Shortly before midnight, on a bright moonlit night, Anastacio de la Cruz, who was riding with his family in a tilbury on the way home from a moviehouse, saw from a distance of seven meters a group of seven men, standing on one side of the bridge. Unaware of the men’s homicidal intentions, Anastacio continued driving and as the tilbury was crossing the bridge, the seven persons simultaneously fired upon Anastacio and his family. Anastacio suffered serious gunshot wounds, while his wife and two children died. In his statement made barely an hour after the ambuscade, and while he was in a serious condition, Anastacio named the three defendants as among the assailants. His wife, in an antemortem statement made in the hospital two days before she died positively identified one of the defendants. Defendants were charged with triple murder. All denied complicity in the perpetration of the killings, and interposed the defense of alibi.
The trial court did not give credence to the evidence of the defense and found defendants guilty as charged based on the dying declaration of Anastacio’s wife as corroborated by Anastacio’s own spontaneous statement definitely pointing to the defendants as three of the seven persons who fired at them. The Supreme Court affirmed the decision on appeal.
1. EVIDENCE; DYING DECLARATION; A STRONG EVIDENCE. — The statement of a gunshot victim made while she was in a serious condition and at the point of death, identifying a person as among those who perpetrated the crime, is a strong evidence against the said accused.
2. ID.; STATEMENT FORMING PART OF THE RES GESTAE MAY BE GIVEN IN EVIDENCE. — The spontaneous statement of a gunshot victim made immediately after his being fired at and while he was in a serious condition may be given in evidence as part of res gestae.
3. ID.; DYING DECLARATION AND STATEMENT FORMING PART OF THE RES GESTAE ARE STRONG EVIDENCE SHOWING CRIMINAL LIABILITY. — The dying declaration of a shooting victim corroborated by the spontaneous statement of another victim made immediately after their being fired at, definitely pointing to specific persons as among the perpetrators of the crime, constitute strong evidence of the participation of these persons in the criminal act.
4. ID.; BRIGHTLY ILLUMINED MOON MAKES POSSIBLE THE RECOGNITION OF PERSONS 5 TO 10 METERS AWAY. A clear, radiant and 90% illuminated moon makes possible the recognition of persons 5 to 10 meters away and the statement of meteorologist that 9/10 of the whole sky on a particular day and at a particular place was covered with clouds, and as such, the visibility of the moon was reduced, being based on mere conjectures because he was not then at the scene of incident cannot overcome the testimony of persons who were actually present at that particular time and place to the effect that the night was very clear because of the bright moonlight.
5. ID.; PARAFFIN TEST; NEGATIVE FINDINGS OF NITRATES NOT CONCLUSIVE THAT A PERSON DID NOT FIRE GUN. — The fact that no gunpowder residue or nitrates were found on the hands of a person is not conclusive that he did not fire a gun, since a negative finding will result if the person who fired a gun covered his hands with gloves or cloth, or he washed his hands with nitrate solution. Likewise, wrong technique in the taking of the casts, or the presence of strong winds which could carry away powder, or the trying of the bolt mechanism of the firearm will produce a negative result.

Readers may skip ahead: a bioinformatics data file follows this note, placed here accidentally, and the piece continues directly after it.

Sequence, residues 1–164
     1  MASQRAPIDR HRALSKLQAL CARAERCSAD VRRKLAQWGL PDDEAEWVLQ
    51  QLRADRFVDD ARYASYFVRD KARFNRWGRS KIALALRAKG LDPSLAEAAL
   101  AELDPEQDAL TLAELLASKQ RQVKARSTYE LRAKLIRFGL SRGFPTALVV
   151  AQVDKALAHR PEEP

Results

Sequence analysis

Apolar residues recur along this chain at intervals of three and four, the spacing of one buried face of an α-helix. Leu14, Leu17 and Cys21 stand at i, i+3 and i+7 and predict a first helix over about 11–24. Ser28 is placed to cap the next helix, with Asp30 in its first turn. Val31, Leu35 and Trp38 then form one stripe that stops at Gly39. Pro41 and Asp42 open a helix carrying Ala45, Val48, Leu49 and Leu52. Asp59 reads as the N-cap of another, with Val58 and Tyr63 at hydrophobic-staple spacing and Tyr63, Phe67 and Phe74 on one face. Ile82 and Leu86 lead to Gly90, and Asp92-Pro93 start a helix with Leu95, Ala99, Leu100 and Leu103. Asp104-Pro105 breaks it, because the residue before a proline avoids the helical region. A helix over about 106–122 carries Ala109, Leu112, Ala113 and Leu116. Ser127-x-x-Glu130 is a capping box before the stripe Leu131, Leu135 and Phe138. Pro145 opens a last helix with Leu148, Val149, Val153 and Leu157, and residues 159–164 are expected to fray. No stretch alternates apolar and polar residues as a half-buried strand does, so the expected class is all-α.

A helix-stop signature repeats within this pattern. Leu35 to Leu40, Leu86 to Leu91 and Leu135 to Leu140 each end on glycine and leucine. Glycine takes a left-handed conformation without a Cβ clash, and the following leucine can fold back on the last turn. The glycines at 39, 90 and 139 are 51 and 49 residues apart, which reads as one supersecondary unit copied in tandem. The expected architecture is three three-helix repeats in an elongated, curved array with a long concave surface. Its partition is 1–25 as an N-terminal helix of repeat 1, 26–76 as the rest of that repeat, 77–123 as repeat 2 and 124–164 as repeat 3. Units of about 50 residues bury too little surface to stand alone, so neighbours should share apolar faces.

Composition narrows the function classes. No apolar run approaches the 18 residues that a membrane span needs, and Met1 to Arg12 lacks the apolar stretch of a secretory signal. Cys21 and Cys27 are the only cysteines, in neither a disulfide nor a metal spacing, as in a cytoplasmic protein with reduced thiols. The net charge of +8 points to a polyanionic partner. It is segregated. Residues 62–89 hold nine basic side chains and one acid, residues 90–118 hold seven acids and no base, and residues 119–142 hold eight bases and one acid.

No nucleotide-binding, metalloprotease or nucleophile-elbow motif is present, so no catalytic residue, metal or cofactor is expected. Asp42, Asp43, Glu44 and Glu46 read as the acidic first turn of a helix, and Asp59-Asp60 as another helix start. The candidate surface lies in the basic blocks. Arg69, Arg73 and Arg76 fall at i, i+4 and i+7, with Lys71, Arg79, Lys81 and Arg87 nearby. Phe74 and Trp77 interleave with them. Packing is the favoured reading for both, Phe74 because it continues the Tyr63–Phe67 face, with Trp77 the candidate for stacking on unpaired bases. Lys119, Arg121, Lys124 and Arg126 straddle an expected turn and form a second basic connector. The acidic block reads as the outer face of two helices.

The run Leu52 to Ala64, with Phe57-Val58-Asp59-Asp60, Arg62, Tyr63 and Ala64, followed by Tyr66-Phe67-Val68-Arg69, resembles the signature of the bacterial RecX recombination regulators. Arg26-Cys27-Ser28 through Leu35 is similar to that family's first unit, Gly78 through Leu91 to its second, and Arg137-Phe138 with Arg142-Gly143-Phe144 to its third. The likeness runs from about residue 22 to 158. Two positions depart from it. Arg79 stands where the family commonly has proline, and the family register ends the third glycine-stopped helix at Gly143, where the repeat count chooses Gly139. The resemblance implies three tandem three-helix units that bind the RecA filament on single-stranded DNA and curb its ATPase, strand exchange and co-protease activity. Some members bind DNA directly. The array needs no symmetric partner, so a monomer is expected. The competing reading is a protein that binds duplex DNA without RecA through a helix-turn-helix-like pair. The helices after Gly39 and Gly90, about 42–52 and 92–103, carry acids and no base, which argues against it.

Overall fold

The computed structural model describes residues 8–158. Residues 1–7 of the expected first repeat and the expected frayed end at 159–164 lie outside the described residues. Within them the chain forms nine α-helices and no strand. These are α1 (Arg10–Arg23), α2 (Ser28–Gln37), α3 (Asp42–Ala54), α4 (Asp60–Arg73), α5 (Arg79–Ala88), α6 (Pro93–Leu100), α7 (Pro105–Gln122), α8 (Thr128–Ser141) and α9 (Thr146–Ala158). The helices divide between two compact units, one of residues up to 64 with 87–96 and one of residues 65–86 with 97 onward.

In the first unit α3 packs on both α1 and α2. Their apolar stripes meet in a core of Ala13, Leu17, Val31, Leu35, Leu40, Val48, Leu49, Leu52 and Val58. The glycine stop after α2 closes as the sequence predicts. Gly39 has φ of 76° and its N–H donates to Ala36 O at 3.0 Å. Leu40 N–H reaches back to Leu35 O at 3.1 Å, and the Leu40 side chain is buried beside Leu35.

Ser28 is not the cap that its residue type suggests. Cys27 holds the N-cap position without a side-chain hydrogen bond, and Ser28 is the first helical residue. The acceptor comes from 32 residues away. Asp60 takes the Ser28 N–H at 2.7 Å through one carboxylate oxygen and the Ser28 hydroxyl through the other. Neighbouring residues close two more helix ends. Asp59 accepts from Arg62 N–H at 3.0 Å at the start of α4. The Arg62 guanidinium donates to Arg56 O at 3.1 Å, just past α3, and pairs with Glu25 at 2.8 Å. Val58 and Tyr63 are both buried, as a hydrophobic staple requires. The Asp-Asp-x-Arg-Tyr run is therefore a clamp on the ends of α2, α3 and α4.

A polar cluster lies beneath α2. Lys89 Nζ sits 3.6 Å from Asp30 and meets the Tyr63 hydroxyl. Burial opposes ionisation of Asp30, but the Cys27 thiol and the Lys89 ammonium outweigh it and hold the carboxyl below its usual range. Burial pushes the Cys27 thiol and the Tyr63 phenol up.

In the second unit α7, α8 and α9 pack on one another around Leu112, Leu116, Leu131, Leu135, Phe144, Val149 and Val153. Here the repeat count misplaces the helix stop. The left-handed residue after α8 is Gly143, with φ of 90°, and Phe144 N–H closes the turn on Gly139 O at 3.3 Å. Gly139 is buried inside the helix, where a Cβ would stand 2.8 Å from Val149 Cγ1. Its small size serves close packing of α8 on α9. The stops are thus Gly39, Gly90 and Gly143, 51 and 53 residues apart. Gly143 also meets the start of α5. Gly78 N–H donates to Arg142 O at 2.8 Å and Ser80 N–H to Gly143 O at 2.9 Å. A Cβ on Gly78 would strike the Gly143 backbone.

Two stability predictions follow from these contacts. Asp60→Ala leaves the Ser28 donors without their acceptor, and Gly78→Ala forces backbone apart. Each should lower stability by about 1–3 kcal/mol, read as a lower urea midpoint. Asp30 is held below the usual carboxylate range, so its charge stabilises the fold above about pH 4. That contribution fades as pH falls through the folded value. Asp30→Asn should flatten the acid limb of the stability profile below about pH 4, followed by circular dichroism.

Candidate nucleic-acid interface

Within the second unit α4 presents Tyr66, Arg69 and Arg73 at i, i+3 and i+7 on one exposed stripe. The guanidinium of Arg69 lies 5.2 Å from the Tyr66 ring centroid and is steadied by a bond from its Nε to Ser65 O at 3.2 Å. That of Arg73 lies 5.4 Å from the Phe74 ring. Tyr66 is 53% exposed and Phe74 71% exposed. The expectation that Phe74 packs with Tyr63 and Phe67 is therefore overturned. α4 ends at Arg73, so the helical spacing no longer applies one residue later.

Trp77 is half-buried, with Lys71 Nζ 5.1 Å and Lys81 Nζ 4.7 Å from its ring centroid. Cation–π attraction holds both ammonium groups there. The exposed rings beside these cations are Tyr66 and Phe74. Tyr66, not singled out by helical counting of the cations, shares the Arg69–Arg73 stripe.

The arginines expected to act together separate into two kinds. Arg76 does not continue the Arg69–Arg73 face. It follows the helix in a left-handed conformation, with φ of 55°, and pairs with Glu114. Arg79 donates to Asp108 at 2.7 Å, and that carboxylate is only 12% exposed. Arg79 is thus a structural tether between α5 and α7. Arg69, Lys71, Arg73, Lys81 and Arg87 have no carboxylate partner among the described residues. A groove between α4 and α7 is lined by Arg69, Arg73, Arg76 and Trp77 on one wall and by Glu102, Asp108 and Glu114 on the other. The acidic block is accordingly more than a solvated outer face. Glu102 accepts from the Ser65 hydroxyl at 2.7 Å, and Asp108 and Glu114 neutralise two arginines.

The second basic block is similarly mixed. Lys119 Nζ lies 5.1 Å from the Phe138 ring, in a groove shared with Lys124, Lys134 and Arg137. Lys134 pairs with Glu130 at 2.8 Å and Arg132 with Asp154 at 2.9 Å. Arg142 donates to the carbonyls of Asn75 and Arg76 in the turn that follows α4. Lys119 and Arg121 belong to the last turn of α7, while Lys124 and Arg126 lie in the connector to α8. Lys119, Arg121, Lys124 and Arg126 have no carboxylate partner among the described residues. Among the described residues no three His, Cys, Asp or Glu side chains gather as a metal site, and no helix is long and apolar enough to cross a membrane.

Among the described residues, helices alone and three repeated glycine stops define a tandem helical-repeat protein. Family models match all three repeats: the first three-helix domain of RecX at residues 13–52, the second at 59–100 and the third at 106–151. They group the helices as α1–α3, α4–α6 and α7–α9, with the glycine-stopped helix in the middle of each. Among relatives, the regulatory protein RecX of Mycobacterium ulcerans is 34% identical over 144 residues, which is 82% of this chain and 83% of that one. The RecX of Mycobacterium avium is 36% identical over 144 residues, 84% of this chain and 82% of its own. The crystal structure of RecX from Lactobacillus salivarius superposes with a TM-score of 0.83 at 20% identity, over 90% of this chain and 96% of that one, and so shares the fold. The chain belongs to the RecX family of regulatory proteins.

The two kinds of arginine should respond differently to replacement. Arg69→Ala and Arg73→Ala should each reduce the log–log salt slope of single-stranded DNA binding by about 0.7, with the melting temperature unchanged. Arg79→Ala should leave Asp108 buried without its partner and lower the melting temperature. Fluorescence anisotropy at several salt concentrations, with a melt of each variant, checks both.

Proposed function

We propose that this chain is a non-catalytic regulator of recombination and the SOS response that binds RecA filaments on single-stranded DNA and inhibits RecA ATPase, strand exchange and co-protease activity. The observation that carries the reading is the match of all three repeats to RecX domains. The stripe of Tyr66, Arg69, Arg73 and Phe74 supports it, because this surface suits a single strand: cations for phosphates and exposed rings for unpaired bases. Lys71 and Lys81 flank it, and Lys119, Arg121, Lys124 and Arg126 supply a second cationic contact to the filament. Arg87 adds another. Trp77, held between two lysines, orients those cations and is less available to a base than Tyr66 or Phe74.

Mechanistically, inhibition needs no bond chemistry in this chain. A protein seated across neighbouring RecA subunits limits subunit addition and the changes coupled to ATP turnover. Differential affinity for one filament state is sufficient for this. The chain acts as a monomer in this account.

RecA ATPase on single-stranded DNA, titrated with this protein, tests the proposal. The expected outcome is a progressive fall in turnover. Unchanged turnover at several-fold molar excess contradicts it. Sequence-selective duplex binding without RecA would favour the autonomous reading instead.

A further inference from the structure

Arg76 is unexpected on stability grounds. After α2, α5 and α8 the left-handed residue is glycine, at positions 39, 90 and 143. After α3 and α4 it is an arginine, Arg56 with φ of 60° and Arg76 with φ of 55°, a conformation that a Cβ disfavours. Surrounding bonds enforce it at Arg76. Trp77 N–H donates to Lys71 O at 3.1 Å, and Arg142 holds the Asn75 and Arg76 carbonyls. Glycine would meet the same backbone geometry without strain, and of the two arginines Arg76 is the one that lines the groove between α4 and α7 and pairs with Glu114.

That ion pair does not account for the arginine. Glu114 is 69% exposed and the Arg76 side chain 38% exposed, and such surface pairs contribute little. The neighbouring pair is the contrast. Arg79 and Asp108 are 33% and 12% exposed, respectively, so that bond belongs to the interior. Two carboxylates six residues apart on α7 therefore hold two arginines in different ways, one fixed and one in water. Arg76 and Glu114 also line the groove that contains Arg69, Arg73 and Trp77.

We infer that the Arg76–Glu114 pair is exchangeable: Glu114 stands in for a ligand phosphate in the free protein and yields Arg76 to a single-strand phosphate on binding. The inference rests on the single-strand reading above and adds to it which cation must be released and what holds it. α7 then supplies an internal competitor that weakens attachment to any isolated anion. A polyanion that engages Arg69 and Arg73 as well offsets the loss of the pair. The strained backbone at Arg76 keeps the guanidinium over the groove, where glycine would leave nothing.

6. ID.; SUSPICIOUS CONDUCT AND CONTRADICTING TESTIMONIES OF ACCUSED ARE EVIDENCE THAT ACCUSED WERE LYING. — The suspicious conduct of the accused after the shooting incident and the contradiction in their testimonies as to their whereabouts during the incident are evidence that they are not telling the truth and are ineffective to overcome the evidence of the prosecution, particularly the positive testimony of the surviving victim pointing to the accused as among those who perpetrated the crime.
7. CRIMINAL LAW; NO COMPLEX CRIME WHERE THREE DEATHS WERE CAUSED BY SEVERAL GUNSHOTS. — Where three deaths occurred as a result of several gunshots and were not the product of a single act, the offenses committed are not complex and the malefactors are guilty of three separate crimes.
8. ID.; MURDER; QUALIFYING CIRCUMSTANCE OF TREACHERY. — The sudden and unexpected assault by the malefactors in order to insure the killing of the defenseless victims constitute treachery which qualifies the killings to murder.
Herminigildo Pascual, Ceferino Pascual and Leonardo Cabigting appealed from the decision of the Court of First Instance of Nueva Ecija, Guimba Branch, convicting each of them of three murders, imposing on each of them three sentences of reclusion perpetua
, and ordering them to pay solidarily an indemnity of six thousand pesos (P6,000) to each set of heirs of the three victims, Pilar Sebastian-de la Cruz, Cesario de la Cruz and Priscilla de la Cruz (Criminal Case No. 258-G). The judgment of conviction was based on the following evidence of the prosecution:chanrob1es virtual 1aw library
Shortly before midnight in the evening of March 9, 1966, the spouses Anastacio de la Cruz and Pilar Sebastian (both 47 years old) with their two children, Cesario and Priscilla, and their grandchild Pacing, were riding in a tilbury or calesin on their way home to Sitio Bardias, Barrio Villarosa, Licab, Nueva Ecija. They had watched a movie in the poblacion of Licab. It was a bright moonlit night.